You’ve been shopping for legal technology and you’re getting closer.
You have identified a potential solution – or maybe you are trying to choose between a final two or three. The functionality meets the needs of your Legal Department. The price works for your budget.
Yet some concerns remain: Is the software secure? Are the vendors reliable? Are they jerks?
In a LinkedIn survey of business-to-business technology buyers, respondents ranked “price” and “features that match my needs” as the No. 1 and No. 2 factors that influenced purchase. After that, however, about half of respondents said they evaluated post-sales support and the vendor’s knowledge of the business. Another third looked for feedback on the product from peer organizations and regular technology updates.
As you approach the final stages of your legal technology selection, here are eight items to consider:
1. Industry Expertise
Does the vendor understand the processes and pressures unique to Legal Departments? Is the legal tech a specific solution for Legal Departments, or is it a refabricated product built for law firms or general business audiences? Has the legal software been implemented by teams like yours – similar size, similar industry?
2. Information Security
How will the vendor safeguard your most sensitive company information? How is data stored and backed up? Does the vendor meet or exceed industry standards, such as ISO 27001 certification?
While it’s important to scout solutions that work for your Legal Department today, it’s also critical to think about your Legal Department in five to 10 years. How flexible are the pricing plans? How easily can you add or subtract licenses? Can the software accommodate cross-border colleagues or external collaborators with multiple languages?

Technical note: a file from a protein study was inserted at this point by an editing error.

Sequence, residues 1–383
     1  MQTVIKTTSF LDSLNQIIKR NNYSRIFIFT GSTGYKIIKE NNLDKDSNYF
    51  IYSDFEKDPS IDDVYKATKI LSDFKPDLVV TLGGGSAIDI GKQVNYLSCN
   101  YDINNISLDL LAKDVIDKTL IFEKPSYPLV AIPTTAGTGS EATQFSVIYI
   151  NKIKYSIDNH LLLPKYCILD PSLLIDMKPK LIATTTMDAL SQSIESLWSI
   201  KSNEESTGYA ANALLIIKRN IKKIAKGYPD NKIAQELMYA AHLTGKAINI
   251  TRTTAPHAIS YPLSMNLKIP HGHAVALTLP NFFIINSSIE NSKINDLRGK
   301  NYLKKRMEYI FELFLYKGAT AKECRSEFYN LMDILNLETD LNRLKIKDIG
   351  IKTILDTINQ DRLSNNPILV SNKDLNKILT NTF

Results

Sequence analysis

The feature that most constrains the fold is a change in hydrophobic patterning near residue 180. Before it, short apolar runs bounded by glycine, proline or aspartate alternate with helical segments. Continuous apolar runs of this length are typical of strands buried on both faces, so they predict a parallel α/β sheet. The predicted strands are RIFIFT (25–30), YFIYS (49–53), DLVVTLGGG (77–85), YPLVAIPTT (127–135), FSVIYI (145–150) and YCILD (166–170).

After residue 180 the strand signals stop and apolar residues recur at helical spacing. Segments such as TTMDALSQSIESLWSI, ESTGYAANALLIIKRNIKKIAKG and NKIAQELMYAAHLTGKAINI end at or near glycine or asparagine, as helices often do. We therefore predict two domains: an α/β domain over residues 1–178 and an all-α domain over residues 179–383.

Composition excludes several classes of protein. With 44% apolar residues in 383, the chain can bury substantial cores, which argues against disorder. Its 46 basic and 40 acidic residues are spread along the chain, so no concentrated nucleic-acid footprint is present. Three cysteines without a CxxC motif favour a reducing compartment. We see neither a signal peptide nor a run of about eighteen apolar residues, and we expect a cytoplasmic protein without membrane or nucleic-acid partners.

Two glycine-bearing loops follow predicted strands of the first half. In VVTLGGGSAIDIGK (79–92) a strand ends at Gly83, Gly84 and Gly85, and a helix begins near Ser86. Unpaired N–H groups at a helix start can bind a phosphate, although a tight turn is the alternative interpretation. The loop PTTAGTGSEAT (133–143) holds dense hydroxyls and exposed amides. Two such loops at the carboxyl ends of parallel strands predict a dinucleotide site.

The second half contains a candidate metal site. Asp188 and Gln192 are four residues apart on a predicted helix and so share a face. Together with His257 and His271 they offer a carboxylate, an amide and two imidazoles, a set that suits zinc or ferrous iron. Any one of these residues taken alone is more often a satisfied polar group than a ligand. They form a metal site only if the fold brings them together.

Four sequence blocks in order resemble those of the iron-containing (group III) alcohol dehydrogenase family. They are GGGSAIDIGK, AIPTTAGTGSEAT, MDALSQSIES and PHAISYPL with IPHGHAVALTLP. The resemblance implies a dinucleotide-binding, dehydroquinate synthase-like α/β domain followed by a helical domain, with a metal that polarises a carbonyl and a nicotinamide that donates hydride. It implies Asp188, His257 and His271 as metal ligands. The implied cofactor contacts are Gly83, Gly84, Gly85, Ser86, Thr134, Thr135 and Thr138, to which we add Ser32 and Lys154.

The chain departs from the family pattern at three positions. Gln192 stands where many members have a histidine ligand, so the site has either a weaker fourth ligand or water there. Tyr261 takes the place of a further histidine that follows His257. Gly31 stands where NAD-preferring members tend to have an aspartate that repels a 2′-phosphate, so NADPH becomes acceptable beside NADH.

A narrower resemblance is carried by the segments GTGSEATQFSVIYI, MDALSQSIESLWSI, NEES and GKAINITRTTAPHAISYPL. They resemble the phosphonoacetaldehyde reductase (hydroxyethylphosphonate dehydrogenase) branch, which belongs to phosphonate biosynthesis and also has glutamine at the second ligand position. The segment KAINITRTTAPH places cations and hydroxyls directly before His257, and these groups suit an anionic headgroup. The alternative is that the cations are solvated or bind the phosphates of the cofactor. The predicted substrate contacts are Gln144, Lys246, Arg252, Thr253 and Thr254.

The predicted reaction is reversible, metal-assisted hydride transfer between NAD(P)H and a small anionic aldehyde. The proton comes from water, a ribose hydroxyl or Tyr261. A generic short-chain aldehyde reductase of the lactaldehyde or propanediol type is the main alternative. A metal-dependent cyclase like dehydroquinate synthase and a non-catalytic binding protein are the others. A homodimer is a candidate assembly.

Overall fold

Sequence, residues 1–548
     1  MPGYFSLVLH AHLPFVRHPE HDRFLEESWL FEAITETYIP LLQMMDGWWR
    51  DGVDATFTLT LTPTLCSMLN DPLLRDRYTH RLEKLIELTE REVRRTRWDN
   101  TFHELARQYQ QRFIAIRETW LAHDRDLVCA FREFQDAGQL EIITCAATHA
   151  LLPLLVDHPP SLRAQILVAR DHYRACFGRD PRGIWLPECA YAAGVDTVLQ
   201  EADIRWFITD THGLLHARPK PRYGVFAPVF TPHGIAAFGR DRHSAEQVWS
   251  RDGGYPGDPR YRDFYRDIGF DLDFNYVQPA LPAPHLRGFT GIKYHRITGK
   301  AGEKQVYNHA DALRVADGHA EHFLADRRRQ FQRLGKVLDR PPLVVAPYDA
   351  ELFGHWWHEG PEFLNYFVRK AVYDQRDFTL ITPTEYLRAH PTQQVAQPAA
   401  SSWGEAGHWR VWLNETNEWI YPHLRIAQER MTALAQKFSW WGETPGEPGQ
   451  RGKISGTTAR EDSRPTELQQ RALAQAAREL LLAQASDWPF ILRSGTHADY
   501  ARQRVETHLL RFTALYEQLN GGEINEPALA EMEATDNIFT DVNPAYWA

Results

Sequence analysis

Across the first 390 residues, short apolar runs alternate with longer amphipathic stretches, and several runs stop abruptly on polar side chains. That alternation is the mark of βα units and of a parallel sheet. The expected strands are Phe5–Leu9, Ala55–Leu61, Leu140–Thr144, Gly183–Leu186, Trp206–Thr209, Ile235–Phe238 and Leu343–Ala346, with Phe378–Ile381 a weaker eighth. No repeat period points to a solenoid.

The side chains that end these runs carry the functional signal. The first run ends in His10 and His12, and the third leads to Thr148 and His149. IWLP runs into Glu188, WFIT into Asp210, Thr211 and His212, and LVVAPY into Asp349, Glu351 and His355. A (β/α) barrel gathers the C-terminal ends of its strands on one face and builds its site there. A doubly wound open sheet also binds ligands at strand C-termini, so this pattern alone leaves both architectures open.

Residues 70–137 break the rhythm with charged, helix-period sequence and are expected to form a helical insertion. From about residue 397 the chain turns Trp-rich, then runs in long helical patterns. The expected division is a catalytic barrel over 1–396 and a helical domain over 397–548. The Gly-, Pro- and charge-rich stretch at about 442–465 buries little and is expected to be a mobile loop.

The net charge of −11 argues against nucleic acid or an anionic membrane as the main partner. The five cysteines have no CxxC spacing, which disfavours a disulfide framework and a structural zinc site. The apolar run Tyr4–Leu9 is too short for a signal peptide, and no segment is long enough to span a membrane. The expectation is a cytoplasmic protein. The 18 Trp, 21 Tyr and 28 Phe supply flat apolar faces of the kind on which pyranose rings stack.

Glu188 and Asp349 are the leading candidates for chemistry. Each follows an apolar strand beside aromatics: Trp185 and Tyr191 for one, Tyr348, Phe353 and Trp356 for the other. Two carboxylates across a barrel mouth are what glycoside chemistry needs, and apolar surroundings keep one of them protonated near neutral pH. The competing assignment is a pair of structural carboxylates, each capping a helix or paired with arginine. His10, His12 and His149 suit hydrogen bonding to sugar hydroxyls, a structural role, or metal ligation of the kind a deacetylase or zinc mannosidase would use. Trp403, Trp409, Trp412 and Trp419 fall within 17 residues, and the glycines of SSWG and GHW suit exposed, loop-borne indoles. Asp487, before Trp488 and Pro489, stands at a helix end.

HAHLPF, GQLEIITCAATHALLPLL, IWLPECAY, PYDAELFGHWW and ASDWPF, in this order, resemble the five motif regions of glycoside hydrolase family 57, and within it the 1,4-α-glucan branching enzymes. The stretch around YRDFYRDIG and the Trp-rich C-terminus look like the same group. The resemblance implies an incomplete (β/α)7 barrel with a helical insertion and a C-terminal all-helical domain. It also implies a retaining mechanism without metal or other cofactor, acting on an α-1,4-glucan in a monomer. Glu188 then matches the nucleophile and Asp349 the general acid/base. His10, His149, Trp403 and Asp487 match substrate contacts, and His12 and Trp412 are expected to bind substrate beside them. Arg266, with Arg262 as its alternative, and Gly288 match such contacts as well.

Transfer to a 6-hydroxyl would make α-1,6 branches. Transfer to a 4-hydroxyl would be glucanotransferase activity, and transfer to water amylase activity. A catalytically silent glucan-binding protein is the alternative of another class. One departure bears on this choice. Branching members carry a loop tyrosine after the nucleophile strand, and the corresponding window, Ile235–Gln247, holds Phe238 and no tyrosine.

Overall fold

What kind of support is available to help you implement and deploy the application? What kind of “help desk” support is available for both routine questions and emergency issues?
As reported by Corporate Counsel, more than half of Legal Departments have or plan to adopt an outside counsel diversity program. LegalTech – a growing and vital segment of the industry – can be a part of positive change, too. How diverse is the vendor’s ownership, management, and front-line team?
6. Time Investment
Recall that a primary promise of technology is to save lawyers time. How will your solution deliver on that promise? How long will it take to configure the software and train the team? How long will it actually take to use the key functions? (With modern matter management, for example, capturing new matter data should be possible in seconds – or you risk insurrection from your users.) How much time saving can you reasonably expect from this tech?
7. Updates and Upgrades
How often is the software updated, and what happens when it is? Does it remain accessible? Does the price go up? Moreover, often the best ideas come from the field: Does the vendor provide a way for users to submit ideas for new or improved functionality? Can they share examples of specific changes they made based on user feedback?
There’s one more key attribute to evaluate. It’s one that may seem a little counterintuitive when you are shopping for technology, but it’s significant.
Beware the faceless monolith: Strive to understand the “who” behind your legal technology stack. Scout the company website; stalk the social media channels. Are the people behind the product visible and accessible? Do they have practical, applicable experience? Do they support and show up for industry organizations and causes that matter?
You want people who will be responsive to your IT Department’s questions. You want people who will be empathetic to your most tech-phobic users. You want people who will listen to your feedback and help you find the right solution for that very particular need of that very particular business client.
You want real people who will be around long after launch; if the people are committed to the product, they will be committed to the success of the Legal Departments that use it.